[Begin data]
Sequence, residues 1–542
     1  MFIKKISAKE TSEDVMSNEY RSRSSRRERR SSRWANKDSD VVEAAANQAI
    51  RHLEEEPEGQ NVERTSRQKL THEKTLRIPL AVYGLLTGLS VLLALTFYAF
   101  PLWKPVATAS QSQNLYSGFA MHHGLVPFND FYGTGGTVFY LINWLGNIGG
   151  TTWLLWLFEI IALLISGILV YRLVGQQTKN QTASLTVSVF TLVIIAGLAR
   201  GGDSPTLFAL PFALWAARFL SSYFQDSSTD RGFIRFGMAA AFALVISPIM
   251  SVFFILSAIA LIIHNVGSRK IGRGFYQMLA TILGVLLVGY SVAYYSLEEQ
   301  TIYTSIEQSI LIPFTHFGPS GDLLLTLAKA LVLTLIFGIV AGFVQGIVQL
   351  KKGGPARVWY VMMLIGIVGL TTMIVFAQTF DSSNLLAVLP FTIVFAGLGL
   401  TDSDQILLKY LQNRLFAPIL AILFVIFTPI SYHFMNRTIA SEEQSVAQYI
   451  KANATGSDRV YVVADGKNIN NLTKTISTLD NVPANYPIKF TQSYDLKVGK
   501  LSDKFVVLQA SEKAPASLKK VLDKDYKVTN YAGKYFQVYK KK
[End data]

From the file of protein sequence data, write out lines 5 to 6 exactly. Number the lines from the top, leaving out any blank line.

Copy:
   151  TTWLLWLFEI IALLISGILV YRLVGQQTKN QTASLTVSVF TLVIIAGLAR
   201  GGDSPTLFAL PFALWAARFL SSYFQDSSTD RGFIRFGMAA AFALVISPIM